So I called the toll free number on the package from the store. In a few minutes, the rep asked what I needed. I told her. She said she could help me. I read the UPC numbers to her. And, then (here's where it gets nuts)...

She said, "Well, if you could tell me what type of gluten you're trying to avoid, I can help you."

A little stunned, I said, "Uh, all types."

She responded, "But there are many different forms of gluten. It's in wheat, corn, rice ...."

I had to stop her. "Sorry, I don't know what you're reading to me, but it's incorrect. There is no gluten in corn or rice. The information you're providing is factually incorrect."

"Sir, we're just asking that our customers trust our labels and trust that we'd indicate clearly whether an ingredient contains gluten."

I said, "Well, then you can tell me whether there's any gluten in the ingredient named 'flavoring' in these hot dogs.'"

She stammered. I said, "I don't think you can tell me for certain whether these hot dogs have gluten or not. And since you can't, I'm not going to buy your hot dogs."

That's when she told me to hold for a few minutes while she consulted others. When she returned, she still could not tell me but promised to call back with an answer.

The point of this is not to pick on the poor lady on the phone. There's two important messages here.

First, companies like Sara Lee need to be more open about their ingredients. Other companies do it, and gladly do it. Until they do, they won't get my business.

Second, we need to be super careful about checking items for gluten. Just because you get some nice person on the phone assuring you that there's no gluten in your favorite hot dog doesn't mean that's good info. We need to ask questions, test the answers and push for clarity when the responses seem fuzzy. Otherwise, we -- and our kids -- will pay the price.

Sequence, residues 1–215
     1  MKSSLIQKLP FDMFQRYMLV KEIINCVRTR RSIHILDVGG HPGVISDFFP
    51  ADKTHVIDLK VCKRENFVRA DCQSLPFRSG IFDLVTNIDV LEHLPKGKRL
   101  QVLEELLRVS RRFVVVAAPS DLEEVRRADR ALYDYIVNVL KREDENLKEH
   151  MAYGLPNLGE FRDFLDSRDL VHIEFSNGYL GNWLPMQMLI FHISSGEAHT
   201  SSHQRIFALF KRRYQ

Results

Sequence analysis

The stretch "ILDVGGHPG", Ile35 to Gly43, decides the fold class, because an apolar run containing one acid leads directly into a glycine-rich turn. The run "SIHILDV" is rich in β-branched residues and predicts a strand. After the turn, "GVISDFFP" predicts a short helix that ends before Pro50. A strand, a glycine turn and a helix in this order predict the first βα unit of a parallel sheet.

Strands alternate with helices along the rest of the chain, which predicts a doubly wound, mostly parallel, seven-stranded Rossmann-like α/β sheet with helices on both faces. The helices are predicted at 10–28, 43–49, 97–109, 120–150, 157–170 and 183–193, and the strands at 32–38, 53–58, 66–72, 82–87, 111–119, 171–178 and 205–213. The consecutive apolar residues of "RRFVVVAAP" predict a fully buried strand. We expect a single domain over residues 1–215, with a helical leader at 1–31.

By the way, you can check out some good hot dog options at my previous Hot Dog Guide post.

Is it pork or chicken

I think we all know about picky eaters. I have a few in my house. It seems if it isn't a hot dog, burger or chicken pieces, then they won't eat it. I keep trying new things, but it doesn't always work. But, sometimes, I win. Here's an easy one to win if your family can handle pork.

I bought some lean pork chops, boneless, or cut away the bone. These were slightly thick. So, I put them in an oven pan and baked for 30 mins on 350. When done, and no longer pink, I cut them into "nugget" sized pieces.

Then, I sprinkled with salt, pepper and chili powder and a little olive oil, like a couple of teaspoons. After heating an oven top pan, I tossed the mix in just for a minute or two to combine. Then, I served. I didn't even tell them it was something different. I just served it like I would for any of my other chicken recipes -- some of which look very similar.

They ate it all.


Flaxy cookie cut-outs

This is based on my previous recipe for Gingerbread people. I just changed a few things with the premise of making a cookie that included flax that my kids would eat. This one works.

1/3 cup brown rice or sorghum flour
1/3 cup ground flax seed
2/3 cup tapioca starch
1 tbsp carob or cocoa powder
1 TBL cinnamon
1 tsp ginger (use more for a cookie with a real ginger bite)
2 tsp xanthan gum
1 tsp baking soda or 2 tsp baking powder
1/2 tsp salt
1/4 cup sugar
1/4 cup oil
1/4 cup DariFree or other milk sub

Combine dry ingredients in a large bowl. Then, add the liquids.

Mix well. Add tapioca if necessary to get a dough that you can knead.

Roll the dough out on a floured board or surface, using the tapioca, to about a quarter-inch thickness. Cut out gingerbread person shapes, flouring the cutter with tapioca.

Bake at 350 degrees on a greased cookie sheet (Spectrum shortening) for about 10 minutes. Remove from pan and cool on a rack.

FYI -- I grind my own flax seed and save a bundle. I buy flax in bulk at $1/lb, put it through a coffee grinder, and then regrind it, and use it as a flax flour. I also use the flax for my flax eggs that you'll see here from time to time.